The Meg (Warner Bros., 113 minutes, PG-13, 4K Ultra HD): Back in August, I gave The Meg a dismal 1.5 stars in a blistering review for Creative Loafing Tampa Bay.
I decided to revisit the film (in stunning 4K, no less) to see whether maybe I was just having a bad day, and had unfairly lambasted the giant prehistoric shark thriller.
If anything, I was being kind.
Single White Female
Gas Food Lodging
Now on Video-on-Demand:
Lasso (Epic Pictures/Dread Central Presents, 97 minutes, Unrated, Video-on-Demand): If there’s a reason to watch Lasso, the feature-length debut of director Evan Cecil, it’s Sean Patrick Flanery.
Flanery (The Boondock Saints) plays Ennis, a one-armed rodeo cowboy who is a star attraction at Hackett Rodeo, the wild west extravaganza that a group of active senior citizens decides to visit at the start of the film.
Lasso is long on solid, gory deaths but very short on pertinent details, the main one being that it refuses to provide any clues as to what the fuck is happening or why. Cecil drops one clue about midway through where he shows several of the rodeo workers shooting up with an illegal anabolic horse steroid, which I guess fills them with a crazed bloodlust to skewer paying customers, but that second of screen-time is just not enough explanation.
As someone who appreciates the works of Herschell Gordon Lewis, who delivered many films with a similar, bare-bones approach to plot, I get that an enjoyable horror flick doesn’t need a ton of justification for the carnage. Sometimes, though, it’s nice to have, if only to help connect the audience more to the characters fighting to stay alive.
Lasso focuses on a handful of key characters. In addition to Ennis, there’s Simon (Andrew Jacobs, Paranormal Activity: The Marked Ones), an aide to the seniors whose own backstory is pretty sparse; as well as a few other abductees with varying degrees of sympathy and/or selfish aims to stay alive.
The film, at least for me, played mostly as a study in contrasts between Ennis and Simon, who comes off like a disaffected, moody millennial compared to Flanery’s heroic appendage-challenged tough guy.
In one telling sequence, Simon refuses to even attempt to use an outdated computer to call for help while Ennis is busy digging himself out of a human burial pit after his other arm was ripped off by a lasso-wielding bad guy.
Where Lasso excels, and what horror fans care about, is its abundance of bloody gore. Characters are branded, drawn and quartered, killed with baling hooks and disemboweled with a double-edged saw.
BVB had the chance to speak to Jacobs by phone about his role and the film in general, and it was clear that even he had no idea exactly what to make of Lasso. Jacobs said it wasn’t uncommon for him to confer with his castmates during shooting to try to figure out “what the hell is happening” throughout the film.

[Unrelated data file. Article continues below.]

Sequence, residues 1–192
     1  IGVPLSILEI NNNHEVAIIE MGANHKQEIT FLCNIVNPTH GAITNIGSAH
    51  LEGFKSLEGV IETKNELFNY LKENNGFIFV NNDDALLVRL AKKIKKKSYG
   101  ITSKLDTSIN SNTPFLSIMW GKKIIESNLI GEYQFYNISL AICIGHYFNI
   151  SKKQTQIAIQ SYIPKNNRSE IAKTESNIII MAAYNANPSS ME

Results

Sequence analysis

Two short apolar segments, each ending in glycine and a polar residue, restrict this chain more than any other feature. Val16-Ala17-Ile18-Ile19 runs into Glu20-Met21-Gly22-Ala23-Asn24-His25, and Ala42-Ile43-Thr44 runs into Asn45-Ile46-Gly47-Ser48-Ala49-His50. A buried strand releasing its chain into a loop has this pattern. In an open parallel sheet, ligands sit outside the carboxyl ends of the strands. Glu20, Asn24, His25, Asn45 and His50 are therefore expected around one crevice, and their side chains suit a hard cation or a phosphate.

“It was something, like I said, reading it, a lot of the stuff in the script, I had no idea where it was going to go,” Jacobs said, laughing.
He's absolutely right. Even after watching Lasso, I have no idea exactly what Cecil was trying to accomplish, but there's still enough here for people to enjoy.
Mrs. Claus (Wild Eye Releasing, 86 minutes, Unrated, Video-on-Demand): Of all the holidays, Christmas has spawned the most yuletide gore with a slew of iconic films ranging from the Silent Night, Deadly Night franchise to the one-two punch of successive, superior Xmas slashers, Red Christmas (2016) and Once Upon a Time at Christmas (2017).
Now comes Mrs. Claus, which is basically a low-budget riff on Black Christmas, starring genre icons Helene Udy (My Bloody Valentine, The Incubus) and Brinke Stevens (Sorority Babes in the Slimeball Bowl-O-Rama).
The film opens decently with a sorority hazing prank gone wrong (with a giant black jelly dong, no less), that is followed by a vicious stabbing and then the suicide of the girl who was hazed who did the stabbing in retaliation.
Jump forward 10 years, and Danielle (Hailey Strader), the sister of the sorority president who hazed the girl and then was stabbed, has pledged the same sorority and is even living in the same sorority house. Because, why not, right?
She immediately receives an email with a cryptic holiday jingle that ends with an ominous warning: All you sisters are going to die!
That’s followed immediately by the mother of the hazed pledge who killed herself showing up to berate Danielle for being related to the girl who hazed her daughter who her daughter then killed.
It’s a lot to keep up with, I know.
Mrs. Claus tries its best to follow the tried-and-true slasher template, and while some of the kills are inspired (a Christmas tree pole extender gets put to a workout), nothing can hide the fact that this is amateur hour, at best, despite the honest intentions of everyone involved.